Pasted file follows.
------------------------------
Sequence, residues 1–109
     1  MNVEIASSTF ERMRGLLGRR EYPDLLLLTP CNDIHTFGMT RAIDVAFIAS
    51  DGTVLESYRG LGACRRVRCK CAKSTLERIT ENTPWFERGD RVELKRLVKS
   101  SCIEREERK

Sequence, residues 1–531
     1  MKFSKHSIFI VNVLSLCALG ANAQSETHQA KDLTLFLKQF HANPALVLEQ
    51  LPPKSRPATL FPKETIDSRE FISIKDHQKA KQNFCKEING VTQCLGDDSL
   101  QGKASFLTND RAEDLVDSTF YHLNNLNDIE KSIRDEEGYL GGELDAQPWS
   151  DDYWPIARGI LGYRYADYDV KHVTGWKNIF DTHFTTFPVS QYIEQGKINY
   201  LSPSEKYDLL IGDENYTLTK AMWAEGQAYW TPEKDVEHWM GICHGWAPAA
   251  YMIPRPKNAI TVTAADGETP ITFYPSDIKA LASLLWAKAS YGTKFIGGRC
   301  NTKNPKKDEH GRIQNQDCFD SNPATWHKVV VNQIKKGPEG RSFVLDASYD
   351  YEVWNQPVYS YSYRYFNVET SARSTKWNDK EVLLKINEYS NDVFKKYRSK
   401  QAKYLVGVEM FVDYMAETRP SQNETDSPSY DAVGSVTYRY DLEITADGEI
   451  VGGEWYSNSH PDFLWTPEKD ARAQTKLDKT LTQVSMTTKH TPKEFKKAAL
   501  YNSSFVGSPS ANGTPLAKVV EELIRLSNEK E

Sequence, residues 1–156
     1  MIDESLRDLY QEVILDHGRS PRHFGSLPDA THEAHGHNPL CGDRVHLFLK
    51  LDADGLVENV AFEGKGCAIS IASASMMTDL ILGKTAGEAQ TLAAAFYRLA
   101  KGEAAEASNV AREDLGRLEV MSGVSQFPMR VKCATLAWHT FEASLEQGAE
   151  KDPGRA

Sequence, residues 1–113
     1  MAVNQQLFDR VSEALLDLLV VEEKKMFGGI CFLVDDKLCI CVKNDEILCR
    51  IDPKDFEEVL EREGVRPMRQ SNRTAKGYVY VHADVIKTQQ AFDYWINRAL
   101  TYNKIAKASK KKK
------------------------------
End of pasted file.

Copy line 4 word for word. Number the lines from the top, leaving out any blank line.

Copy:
   101  SCIEREERK